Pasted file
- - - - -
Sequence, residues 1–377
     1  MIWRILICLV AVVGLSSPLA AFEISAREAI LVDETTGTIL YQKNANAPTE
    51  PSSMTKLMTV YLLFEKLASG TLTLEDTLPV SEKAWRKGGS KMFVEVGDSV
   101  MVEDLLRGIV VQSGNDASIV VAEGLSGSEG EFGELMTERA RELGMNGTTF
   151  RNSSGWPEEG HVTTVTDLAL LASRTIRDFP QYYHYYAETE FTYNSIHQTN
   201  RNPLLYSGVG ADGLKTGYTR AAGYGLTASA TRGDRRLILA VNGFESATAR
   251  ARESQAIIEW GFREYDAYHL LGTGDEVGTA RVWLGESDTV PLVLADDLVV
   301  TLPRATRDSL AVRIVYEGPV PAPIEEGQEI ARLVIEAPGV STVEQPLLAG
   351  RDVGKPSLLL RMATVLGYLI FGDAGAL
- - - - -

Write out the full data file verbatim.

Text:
Sequence, residues 1–377
     1  MIWRILICLV AVVGLSSPLA AFEISAREAI LVDETTGTIL YQKNANAPTE
    51  PSSMTKLMTV YLLFEKLASG TLTLEDTLPV SEKAWRKGGS KMFVEVGDSV
   101  MVEDLLRGIV VQSGNDASIV VAEGLSGSEG EFGELMTERA RELGMNGTTF
   151  RNSSGWPEEG HVTTVTDLAL LASRTIRDFP QYYHYYAETE FTYNSIHQTN
   201  RNPLLYSGVG ADGLKTGYTR AAGYGLTASA TRGDRRLILA VNGFESATAR
   251  ARESQAIIEW GFREYDAYHL LGTGDEVGTA RVWLGESDTV PLVLADDLVV
   301  TLPRATRDSL AVRIVYEGPV PAPIEEGQEI ARLVIEAPGV STVEQPLLAG
   351  RDVGKPSLLL RMATVLGYLI FGDAGAL